VILVOORDE, Belgium – As the year 1535 faded into autumn and the weather turned cold, an Englishman charged with heresy and jailed in the Vilvoorde Castle here scribbled a note in Latin to his keepers. Could they bring him a warmer cap, coat and leggings? And also a lamp, he added, “for it is tiresome to sit alone in the dark.”
“But above all,” he wrote, “I beg and entreat your clemency earnestly to intercede with the lord commissary, that he would deign to allow me the use of my Hebrew Bible, Hebrew Grammar, and Hebrew Lexicon, and that I might employ my time with that study.”
It’s unlikely that they granted the last request made by this prisoner, the English Reformer William Tyndale. A year later, on Oct. 6, 1536, Tyndale was strangled and burned to death for his alleged heresies. But, even as he sat in prison, he longed to complete his life’s mission: the translation of Scripture into the English language.
Amid exile and danger, pioneer translators of the Reformation era opened the Bible to two of the largest language groups in existence today – namely, Spanish and English speakers. Today, millions of Christians, from Missouri to the ends of the earth, benefit from their sacrifice.
The Bible in English
In 1526, Tyndale printed the first New Testament ever to be translated into English from the original Greek. And, although it seemed at his death that his labors had been in vain, his translation of the New Testament, the Pentateuch (Genesis through Deuteronomy), and the Historical Books of the Old Testament shaped Bible translation for the next 500 years. Roughly 80 percent of the King James New Testament originally appeared in Tyndale’s translation.
Tyndale – and later the King James translators – could never have anticipated the massive global impact of their labors. Leland Ryken, professor emeritus of English at Wheaton College, told The Pathway that Latin was the “language of international discourse” during the 16th century. By contrast, English was spoken by only 5-7 million people and was “used for less-than-momentous discourse.” Nevertheless, roughly 378 million people across the globe speak English today as their first language, and more than half a billion claim it as a secondary language. And the King James Bible remains the most often purchased Bible in the United States, and it has shaped the language used by many other popular translations.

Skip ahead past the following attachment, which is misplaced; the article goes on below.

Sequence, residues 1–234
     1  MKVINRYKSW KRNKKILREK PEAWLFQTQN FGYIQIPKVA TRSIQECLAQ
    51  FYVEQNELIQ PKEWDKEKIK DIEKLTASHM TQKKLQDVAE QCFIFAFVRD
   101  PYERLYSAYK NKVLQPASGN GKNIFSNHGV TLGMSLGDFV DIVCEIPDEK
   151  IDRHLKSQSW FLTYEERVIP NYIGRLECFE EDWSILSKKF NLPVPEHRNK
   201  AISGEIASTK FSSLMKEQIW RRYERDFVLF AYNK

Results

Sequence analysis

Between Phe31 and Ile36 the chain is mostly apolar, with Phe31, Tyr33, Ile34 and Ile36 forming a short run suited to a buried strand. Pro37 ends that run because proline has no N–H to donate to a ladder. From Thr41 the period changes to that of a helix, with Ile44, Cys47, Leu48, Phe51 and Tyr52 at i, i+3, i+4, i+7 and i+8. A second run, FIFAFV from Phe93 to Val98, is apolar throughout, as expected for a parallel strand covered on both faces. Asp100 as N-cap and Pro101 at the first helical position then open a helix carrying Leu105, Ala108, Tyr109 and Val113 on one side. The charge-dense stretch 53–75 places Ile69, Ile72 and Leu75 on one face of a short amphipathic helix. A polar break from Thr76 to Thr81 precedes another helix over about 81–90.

The Bible in Spanish
The Spanish Reformer Juan Pérez de Pineda escaped Tyndale’s fate when, in the winter of 1560, several Protestants were burned at the stake in Seville. Although he was burned only in effigy, his compatriots died that day – one of them crying to the others, “Courage, comrades! … This is the hour in which we must show ourselves valiant soldiers for Jesus Christ.”
Four years earlier, Pérez translated the Greek New Testament and Hebrew Psalms into Spanish. And, although he never completed the Bible, his work may have informed his fellow Spanish Protestant exile, Casiodoro de Reina, who published a complete Spanish Bible in 1569. This Bible was soon dubbed the “Biblia del Oso” (Bible of the Bear) because of the image of a bear on the title page.
Decades later, in 1602, Cipriano de Valera revised this translation and printed a complete Spanish Bible that would become known as the Reina-Valera Bible. This edition of the Scriptures was passed down through the centuries and is now one of the primary Bible translations used among the roughly 442 million Spanish speakers worldwide.